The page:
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Dear Dr. Saltzman,

I don't know if I was molested. I know that sounds strange but its true. When I was younger I had a female cousin that was maybe a few years older touch me (Is it even possible for a girl to molest another girl?). This happened over the course of maybe 2 years whenever our families visited each other.

I have always told myself that that is how children play and that there was nothing wrong with it. I do not remember the details but I think I enjoyed it (I know how horrible that sounds).

I am now 27 and have had only one sexual experience (I am still a virgin). When it was happening to me I felt like I was not there and I asked him to stop. When I find out that someone is interested in me in that way I disengage. I also have problems keeping friends, if they don't constantly call me then we lose touch.

I don't know if I am using what happened to me earlier as an excuse or if I have a valid issue. I have not told anyone about this and I avoid seeing the cousin. I am considering going to a doctor about this and my depression.


Josi (you can use my name)

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Dear Josi:

It is entirely normal for children to play sexual games with one another and to experiment sexually by touching. This is something that many, if not most, children have experienced at one time or another, and it is not necessarily molestation. Sexuality involving a child becomes "molestation" when the other party to the sexuality is not another child of around the same age, but an adult or older child who uses the power difference to force or otherwise convince the younger, less powerful person to engage in touching or being touched inappropriately. In fact, molestation does not have to involve touching at all, but may consist of exposing genitalia, taking pornographic pictures, or even just talking sexually to a child.

Since your cousin was a few years older than you, it might be possible to say that you were molested (and, by the way, a girl certainly can molest another girl), but putting a label on what happened is not the important point here. According to your letter, you feel that your present problems with sexual intimacy, with being able to stay in touch with friends, with not wanting any contact with your cousin, as well as with depression, may have roots in these childhood sexual experiences, and you mention wanting to consult a doctor to find out more about this.

I think you are on the right track, and I encourage you to seek help as soon as possible. In fact, I consider this to be urgently needed. To begin with, you threw in the word "depression" as the very last word in your letter--almost as an afterthought--but depression is a very serious matter, which, if left untreated, almost always worsens, and which can have extremely harmful effects not just on mental and emotional life, but also on the well-being of the entire body, including the brain, and every other organ.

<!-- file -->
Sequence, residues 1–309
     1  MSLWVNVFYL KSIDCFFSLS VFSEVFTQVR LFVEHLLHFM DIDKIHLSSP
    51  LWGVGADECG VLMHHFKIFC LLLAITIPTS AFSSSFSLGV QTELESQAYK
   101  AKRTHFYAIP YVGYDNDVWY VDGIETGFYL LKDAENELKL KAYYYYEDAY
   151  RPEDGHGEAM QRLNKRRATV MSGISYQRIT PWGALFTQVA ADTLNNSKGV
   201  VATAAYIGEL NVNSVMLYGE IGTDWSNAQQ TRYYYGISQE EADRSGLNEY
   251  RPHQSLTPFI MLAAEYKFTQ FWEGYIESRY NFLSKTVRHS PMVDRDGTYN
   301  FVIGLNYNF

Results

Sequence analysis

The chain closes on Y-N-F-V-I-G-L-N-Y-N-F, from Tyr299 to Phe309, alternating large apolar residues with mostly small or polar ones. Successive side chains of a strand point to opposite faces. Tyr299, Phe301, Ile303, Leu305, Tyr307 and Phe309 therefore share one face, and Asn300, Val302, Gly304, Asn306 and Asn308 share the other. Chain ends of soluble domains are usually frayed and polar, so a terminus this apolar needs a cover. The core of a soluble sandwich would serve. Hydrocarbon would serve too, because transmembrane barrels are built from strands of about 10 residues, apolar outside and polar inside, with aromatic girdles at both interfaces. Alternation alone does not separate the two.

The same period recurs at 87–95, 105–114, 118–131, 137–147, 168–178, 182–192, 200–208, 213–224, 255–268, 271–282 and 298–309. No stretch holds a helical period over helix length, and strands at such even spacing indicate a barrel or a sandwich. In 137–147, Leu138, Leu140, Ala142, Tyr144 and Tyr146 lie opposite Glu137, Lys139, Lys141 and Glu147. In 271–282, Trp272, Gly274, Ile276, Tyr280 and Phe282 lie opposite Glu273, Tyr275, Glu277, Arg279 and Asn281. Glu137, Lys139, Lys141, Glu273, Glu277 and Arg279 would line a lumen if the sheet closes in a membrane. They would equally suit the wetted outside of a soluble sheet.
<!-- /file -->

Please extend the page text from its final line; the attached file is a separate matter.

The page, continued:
Also, your statement about feeling that you were "not there" when sex was "happening to you," suggests to me that the experiences with your cousin have produced in you the attitude that sex is something that "happens to you" (as it did with your older cousin), instead of something in which you participate (as in healthy sexuality). This feeling of "not being there" is what psychologists call "depersonalization," which is regarded as a defense mechanism against traumatic experiences--experiences, in other words, which were felt as harmful, dangerous, painful, or injurious and so too difficult to bear while fully conscious. The depersonalization that you felt when you had your one incomplete sexual experience with a man may very well be an extension or replay of the depersonalization that you used to protect yourself against really being there when your cousin played with your body. Your statement that you do not really remember the details suggest this.

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Finally, you wrote this: "I do not remember the details but I think I enjoyed it (I know how horrible that sounds)." I want to assure you that there is nothing horrible at all about enjoying the physical sensations of having your vagina touched even if the circumstances are not entirely OK. It often happens that the physical sensations of sexuality are enjoyed even when the sex itself is unwanted or inappropriate. Please do not continue to feel guilty about this.

Josi, I hope that you will consult a qualified psychologist as soon as possible to speak with him or her about your situation, and please feel free to write to me again whenever you like.

Be well.

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